Are success and social responsibility related (or is the case of Starbucks just a coincidence)?
BAM101 “Mini”Assignment # 2: Starbucks and Corporate Social Responsibility
Starbucks Coffee is one of the top competitors in the retail coffee industry. They are known for their high quality products as well as their high level of social responsibility. Starbucks believes that success and social responsibility are not opposites, but rather go hand in hand.
One example of this company’s strong belief in social responsibility can be found in the low-cost pre–harvest financing assistance program they have fostered with Ecological Enterprise Ventures and Conservation International. These organizations are not-for-profit organizations that, through partnership with Starbucks, provide low cost financing for farmers in the Latin American coffee region. These loans are critical for farmers to stay in business – without them, many would be unable to pay their pickers who harvest the coffee crops. The problems for the farmers lie in two areas. One area is that due to the decreasing prices for coffee over recent years, coffee farmers are considered to be too high of a risk for many banks to provide them with affordable financing options. The second area is the timing of the payments they receive for their crops. The gap in time between harvest and sale of the coffee is where the problem lies. Pickers need to be paid once the crop has been harvested, but without financing, many farmers do not have the funds available to them until the coffee actually sells. Through the sponsorship of Starbucks, Ecological Enterprise Ventures and Conservation International provide these farmers with bridge loans enabling them to harvest and sell their crops. Starbucks does not view this assistance as charity. They like to view it as an “enlightened self-interest” that ensures a steady supply of coffee.
Another area that Starbucks has been involved in is supporting the introduction of “Fair Trade Coffee”. This program involves seventeen certification initiatives across North America, Europe and Japan administered by the Fair Trade Labelling Organizations International or “FLO”. Transfair USA is the certification organization for US fair-trade products. For certification by FLO, farmers much meet several criteria including belonging to a democratically run coop or grower’s association and implementation of crop management and environmental protection programs. Farmers in the program are given pricing incentives to work towards organic production and are guaranteed a fair price for their coffee, long-term relationships with importers, and pre-harvest financing and credit programs as was previously discussed.
The Fair-Trade program aligns well with the values and beliefs of the Starbucks organization. Although Starbucks believes that all of the products they offer are “traded fairly”, they do offer fair-trade certified products in their retail stores as well and feature a fair-trade certified coffee as “coffee of the day” at least once per month.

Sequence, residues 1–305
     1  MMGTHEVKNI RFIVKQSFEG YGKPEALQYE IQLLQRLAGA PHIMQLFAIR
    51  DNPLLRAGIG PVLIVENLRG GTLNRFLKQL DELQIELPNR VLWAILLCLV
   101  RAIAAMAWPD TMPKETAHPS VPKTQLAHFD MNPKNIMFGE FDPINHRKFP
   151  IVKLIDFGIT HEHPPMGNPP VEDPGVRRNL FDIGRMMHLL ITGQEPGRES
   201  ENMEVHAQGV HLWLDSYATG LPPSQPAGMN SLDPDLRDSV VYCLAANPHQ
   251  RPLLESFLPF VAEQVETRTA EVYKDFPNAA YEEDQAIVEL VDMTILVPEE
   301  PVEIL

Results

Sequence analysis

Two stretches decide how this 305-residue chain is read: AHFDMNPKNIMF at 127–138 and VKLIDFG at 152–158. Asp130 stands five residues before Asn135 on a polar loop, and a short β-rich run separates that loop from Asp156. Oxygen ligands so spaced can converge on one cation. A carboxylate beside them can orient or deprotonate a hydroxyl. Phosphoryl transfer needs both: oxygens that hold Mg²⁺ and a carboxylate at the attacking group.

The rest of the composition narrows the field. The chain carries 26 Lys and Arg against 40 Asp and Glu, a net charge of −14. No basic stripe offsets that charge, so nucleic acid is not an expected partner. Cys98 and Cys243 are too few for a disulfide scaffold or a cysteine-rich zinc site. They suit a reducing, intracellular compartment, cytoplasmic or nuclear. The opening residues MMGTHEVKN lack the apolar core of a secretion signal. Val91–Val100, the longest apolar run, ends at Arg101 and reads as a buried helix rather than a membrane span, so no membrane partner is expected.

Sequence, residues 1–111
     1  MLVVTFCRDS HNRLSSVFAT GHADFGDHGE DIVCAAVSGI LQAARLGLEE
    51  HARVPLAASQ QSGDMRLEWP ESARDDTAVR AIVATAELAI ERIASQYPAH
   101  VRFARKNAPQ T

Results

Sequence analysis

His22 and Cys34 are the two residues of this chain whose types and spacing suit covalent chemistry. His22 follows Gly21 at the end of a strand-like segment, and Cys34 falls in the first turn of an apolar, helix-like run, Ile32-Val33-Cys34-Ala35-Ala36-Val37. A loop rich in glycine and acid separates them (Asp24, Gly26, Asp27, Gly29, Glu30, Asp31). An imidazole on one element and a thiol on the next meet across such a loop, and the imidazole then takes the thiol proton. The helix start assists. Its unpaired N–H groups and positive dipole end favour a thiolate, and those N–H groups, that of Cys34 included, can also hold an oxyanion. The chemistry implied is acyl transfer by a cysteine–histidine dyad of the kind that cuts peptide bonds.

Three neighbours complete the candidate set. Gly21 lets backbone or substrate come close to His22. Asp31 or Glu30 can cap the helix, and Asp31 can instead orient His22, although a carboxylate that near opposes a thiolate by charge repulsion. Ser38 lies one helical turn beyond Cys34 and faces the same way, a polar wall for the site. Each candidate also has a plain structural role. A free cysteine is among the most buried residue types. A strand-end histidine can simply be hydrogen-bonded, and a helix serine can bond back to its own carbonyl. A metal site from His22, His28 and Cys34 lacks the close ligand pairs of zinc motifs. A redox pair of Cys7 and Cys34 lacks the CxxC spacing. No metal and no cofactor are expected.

In order to stay in business, Starbucks must ensure not only that their farmer growers remain in business, but that the ecology is preserved in growing areas as well. To help reach this end, Starbucks partnered with Conservation International in 1998 to protect growing areas in Mexico. Conservation International provides Starbucks with information on the ecological impact made by growers to assist Starbucks in administering its “Preferred Supplier” program. “Shade-Grown Mexico” is a product that is a result of this effort.
In addition to assisting farmers and protecting the ecology directly, Starbucks also aids their suppliers by supporting growing areas indirectly. They achieve this end through such initiatives as sponsorship of schools and medical clinics that provide farmers and their families services they might not otherwise have access to. The financial success of Starbucks speaks to the relationship between social responsibility and organizational success – it appears they live out their claim that the two (social responsibility and success) are connected.
Are success and social responsibility related (or is the case of Starbucks just a coincidence)? Does a company have to be socially responsible to be successful? Explain and support your answer. (4 marks)
Does the level of social responsibility exhibited by Starbucks have any effect on how other coffee retailers like Tim Horton’s and Second Cup are viewed? Explain your answer. (3 marks)
How does Starbucks responsibility to shareholders clash with their responsibility to society in THIS situation? (3 marks)
What is sustainable development? How is Starbucks practicing this? (3 marks)
Which approach or stance is Starbucks using with regard to social responsibility – an obstruction one? A defensive one? An accommodative one? Or a proactive one? Explain your answer demonstrating your understanding of this concept. (3 marks)
What is triple-bottom line reporting? How would Starbucks score on the 3 measurements? Explain your answer. (4 marks)
Total Marks = 20 (2 marks will be deducted for any gra